The history of Rincon de la Victoria can be traced back to prehistoric times. This has been proven based on the Paleolithic wall paintings in the El Tesoro cave as well as the Bronze Age relics that were found in the La Victoria cave. This is also consistent with other archaeological finds in other caves in the province of Malaga.
Also consistent with other finds in other towns in the province are traces of Phoenician and Roman settlers. The Phoenicians may have arrived first, at about 550 BC. They settled at the Loma de Benagalbon. When the Romans came, they chose to live in the same place, as evidenced by the remnants of mosaics and batthouses, which were typical Roman structures.
It is not clear whether the Romans or the Phoenicians were the first to build the original fortress, but there is reason to believe that there once existed a fortress built to protect the village from seafaring invaders. This fortress was further enhanced by the Moors, who then called the place Bezmiliana.
Ancient Bezmiliana was believed to have a fishing port, a central village, a mosque, and a defensive wall. All that remains of this ancient place is a small area called El Castellon.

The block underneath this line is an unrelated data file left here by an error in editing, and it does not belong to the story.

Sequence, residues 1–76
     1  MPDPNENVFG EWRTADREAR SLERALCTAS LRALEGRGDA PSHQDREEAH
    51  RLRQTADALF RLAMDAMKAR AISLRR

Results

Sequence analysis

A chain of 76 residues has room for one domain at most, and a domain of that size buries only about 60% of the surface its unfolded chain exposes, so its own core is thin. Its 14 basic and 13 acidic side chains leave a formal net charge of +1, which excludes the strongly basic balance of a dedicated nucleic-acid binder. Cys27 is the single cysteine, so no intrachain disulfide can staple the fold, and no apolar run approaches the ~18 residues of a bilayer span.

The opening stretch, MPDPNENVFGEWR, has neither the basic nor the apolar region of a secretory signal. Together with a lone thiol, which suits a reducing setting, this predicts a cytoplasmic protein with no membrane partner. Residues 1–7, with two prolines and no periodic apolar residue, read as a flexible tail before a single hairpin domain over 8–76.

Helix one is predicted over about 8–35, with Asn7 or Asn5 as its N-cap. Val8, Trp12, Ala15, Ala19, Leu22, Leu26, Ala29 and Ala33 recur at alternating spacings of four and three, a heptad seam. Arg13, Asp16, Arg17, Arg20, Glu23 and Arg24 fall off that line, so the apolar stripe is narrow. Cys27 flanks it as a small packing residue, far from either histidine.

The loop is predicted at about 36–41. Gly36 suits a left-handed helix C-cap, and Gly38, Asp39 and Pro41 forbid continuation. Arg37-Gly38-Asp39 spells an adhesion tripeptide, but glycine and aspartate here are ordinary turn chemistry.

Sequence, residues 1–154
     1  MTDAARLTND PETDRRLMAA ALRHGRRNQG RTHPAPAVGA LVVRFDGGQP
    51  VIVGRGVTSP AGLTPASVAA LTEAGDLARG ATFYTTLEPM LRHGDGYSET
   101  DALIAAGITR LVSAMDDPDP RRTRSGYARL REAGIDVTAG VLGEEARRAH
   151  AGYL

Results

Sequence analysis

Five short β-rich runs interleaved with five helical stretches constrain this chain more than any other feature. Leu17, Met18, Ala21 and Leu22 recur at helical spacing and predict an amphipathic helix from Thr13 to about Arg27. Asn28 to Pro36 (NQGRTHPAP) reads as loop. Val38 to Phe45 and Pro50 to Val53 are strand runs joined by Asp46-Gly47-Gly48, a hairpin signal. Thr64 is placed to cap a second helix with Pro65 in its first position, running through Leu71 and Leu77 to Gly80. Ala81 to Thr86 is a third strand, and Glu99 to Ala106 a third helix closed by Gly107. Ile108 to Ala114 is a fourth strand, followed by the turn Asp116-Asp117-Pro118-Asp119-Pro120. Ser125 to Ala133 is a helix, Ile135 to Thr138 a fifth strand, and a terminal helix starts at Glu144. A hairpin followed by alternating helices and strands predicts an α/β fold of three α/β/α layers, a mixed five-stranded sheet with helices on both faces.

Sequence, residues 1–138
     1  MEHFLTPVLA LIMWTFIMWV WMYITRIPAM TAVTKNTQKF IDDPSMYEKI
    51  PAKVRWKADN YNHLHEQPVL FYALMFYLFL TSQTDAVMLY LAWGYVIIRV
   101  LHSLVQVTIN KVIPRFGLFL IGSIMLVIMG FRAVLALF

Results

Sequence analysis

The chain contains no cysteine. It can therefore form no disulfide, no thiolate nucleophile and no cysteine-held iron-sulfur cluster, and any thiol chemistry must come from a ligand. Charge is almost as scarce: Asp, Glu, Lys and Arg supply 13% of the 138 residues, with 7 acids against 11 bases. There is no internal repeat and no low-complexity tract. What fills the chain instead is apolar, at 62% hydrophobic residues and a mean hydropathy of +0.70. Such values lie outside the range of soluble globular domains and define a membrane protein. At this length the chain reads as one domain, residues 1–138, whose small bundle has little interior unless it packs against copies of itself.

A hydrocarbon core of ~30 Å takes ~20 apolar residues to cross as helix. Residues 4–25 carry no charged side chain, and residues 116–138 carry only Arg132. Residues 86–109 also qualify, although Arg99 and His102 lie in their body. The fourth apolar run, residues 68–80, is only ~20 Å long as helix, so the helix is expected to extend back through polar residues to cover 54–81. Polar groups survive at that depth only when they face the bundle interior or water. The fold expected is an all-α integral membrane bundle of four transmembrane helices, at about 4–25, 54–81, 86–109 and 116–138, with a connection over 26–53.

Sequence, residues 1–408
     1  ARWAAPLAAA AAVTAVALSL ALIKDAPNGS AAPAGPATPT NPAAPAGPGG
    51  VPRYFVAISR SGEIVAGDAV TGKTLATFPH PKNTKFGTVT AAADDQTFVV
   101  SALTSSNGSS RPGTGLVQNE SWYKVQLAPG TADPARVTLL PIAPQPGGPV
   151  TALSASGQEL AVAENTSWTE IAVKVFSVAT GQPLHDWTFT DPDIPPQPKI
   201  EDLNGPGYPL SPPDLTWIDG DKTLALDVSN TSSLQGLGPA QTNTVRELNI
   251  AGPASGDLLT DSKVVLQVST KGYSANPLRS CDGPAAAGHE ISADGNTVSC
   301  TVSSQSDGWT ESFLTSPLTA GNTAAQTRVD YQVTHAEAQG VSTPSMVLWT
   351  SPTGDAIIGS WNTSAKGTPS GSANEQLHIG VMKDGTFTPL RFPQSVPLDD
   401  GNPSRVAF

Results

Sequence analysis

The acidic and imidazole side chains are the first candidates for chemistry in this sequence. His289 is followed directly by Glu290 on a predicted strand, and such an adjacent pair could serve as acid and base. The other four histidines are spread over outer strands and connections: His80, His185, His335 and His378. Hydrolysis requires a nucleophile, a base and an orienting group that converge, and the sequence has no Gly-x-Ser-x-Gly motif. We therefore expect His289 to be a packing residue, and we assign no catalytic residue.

At the height of the Reconquista, a long period (lasting almost 800 years) wherein Christian forces fought to drive away the Moors from the Iberian Peninsula, the advancing Christian troops found the practically deserted. In the early 1500’s, the Christians tried to repopulate the area starting with 120 people but these villagers eventually left during the plague epidemic.
It was only in the late 1700’s when a new settlement began to form. This was the one that gave birth to the town’s main source of livelihood, fishing. For a long time, Rincon de la Victoria was known as a fishing village. During those times, the locals kept the tranquil beaches all to themselves.
But when the residents of Malaga started coming for short weekend breaks, word of the alluring sandy beaches of Rincon de la Victoria started to spread. The rest, as they say, is history.